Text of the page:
Dr Semira Manesiki Holland, Senior Clinical Lecturer in Public Health at the University of Birmingham with an interest in health systems, maternal-child health and low- and middle-income countries. Dr Holland is a UK based public health physician with a paediatric background and has worked in clinical medicine, health systems delivery and policy, public health and research in the UK and developing countries for over 20 years. Her low and middle-income country experience includes research (such as large community trials in challenging academic environments), work for WHO and UNICEF on country based programmes and at WHO HQ, with Ministries of Health to advise on strategy and policy development and at the CEO level in International Health Non-governmental Organisations (NGO) coordinating delivery of integrated health services (in Afghanistan and Tajikistan from village to provincial hospitals) and operations of training colleges.
Dr David Moore, Senior Lecturer at the University of Birmingham, specialises in directing multidisciplinary teams of researchers undertaking systematic reviews, health technology assessments and associated research. He is co-Director of the MSc in Health Research Methods and a curriculum advisor and previous deputy director of the MSc in Public Health at the University of Birmingham. He leads a post-graduate taught module in Systematic Reviews and Evidence Syntheses and teaches systematic reviews and evidence synthesis at postgraduate and undergraduate level.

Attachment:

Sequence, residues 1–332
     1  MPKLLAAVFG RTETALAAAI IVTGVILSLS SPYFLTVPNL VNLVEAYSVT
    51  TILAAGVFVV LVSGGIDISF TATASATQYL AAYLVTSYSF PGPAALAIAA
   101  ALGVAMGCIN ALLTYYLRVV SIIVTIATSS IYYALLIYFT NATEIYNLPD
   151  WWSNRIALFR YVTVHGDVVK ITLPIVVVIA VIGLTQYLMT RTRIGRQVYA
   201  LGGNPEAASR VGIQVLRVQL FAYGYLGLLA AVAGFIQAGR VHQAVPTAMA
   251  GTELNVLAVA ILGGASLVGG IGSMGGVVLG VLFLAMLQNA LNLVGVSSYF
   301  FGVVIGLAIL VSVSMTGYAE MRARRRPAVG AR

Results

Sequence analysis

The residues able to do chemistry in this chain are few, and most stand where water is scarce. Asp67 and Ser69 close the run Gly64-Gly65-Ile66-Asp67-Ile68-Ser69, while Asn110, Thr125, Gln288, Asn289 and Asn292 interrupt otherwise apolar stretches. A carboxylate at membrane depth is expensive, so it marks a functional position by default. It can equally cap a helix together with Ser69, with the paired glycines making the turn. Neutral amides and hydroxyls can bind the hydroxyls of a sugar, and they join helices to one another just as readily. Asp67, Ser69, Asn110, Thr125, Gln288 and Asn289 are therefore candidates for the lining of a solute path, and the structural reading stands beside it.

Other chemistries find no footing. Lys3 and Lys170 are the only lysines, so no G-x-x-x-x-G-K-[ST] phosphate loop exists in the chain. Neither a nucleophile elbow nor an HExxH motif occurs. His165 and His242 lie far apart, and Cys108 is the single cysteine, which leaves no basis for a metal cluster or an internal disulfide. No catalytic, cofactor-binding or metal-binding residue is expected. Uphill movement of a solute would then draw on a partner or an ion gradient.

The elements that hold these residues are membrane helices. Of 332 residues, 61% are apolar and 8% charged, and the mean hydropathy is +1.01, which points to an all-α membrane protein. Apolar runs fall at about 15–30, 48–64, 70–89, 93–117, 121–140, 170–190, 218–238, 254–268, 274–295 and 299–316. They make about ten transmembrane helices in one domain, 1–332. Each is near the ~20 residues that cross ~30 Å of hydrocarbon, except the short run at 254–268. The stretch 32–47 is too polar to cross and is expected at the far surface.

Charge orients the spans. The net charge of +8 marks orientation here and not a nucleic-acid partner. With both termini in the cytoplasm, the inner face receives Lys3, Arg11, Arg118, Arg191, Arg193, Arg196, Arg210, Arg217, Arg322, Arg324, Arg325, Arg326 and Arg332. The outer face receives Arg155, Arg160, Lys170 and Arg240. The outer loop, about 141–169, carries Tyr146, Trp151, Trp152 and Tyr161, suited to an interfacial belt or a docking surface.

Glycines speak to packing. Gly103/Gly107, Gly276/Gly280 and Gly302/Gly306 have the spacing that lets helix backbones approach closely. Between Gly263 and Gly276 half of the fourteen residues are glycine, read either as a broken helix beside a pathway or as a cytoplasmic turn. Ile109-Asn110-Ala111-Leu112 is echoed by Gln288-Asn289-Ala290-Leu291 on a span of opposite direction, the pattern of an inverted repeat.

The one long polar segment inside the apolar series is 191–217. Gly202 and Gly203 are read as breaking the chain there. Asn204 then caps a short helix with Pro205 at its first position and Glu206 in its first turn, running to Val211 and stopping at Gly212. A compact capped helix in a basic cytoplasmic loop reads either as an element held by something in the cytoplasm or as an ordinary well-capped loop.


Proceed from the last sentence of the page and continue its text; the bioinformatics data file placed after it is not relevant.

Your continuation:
Dr Krishnan Nirantharakumar (Krish), Senior Clinical Lecturer at the University of Birmingham. Dr Nirantharakumar has substantial experience in health informatics research (data science and implementation science) as the co-theme lead for health informatics at the Institute of Applied Health Research, University of Birmingham. His particular interests are in developing novel digital tools that enable efficient healthcare systems and expedite health care research. He is the founder of the West Midlands Health Informatics Network and innovator of the Automated Clinical Epidemiology Studies (ACES) tool. The latter innovation has led to a UKRI Innovation Fellowship with HDR UK. His long term mission is to lead a global health informatics team to improve the health and wellbeing of the disadvantaged communities in low and middle income countries.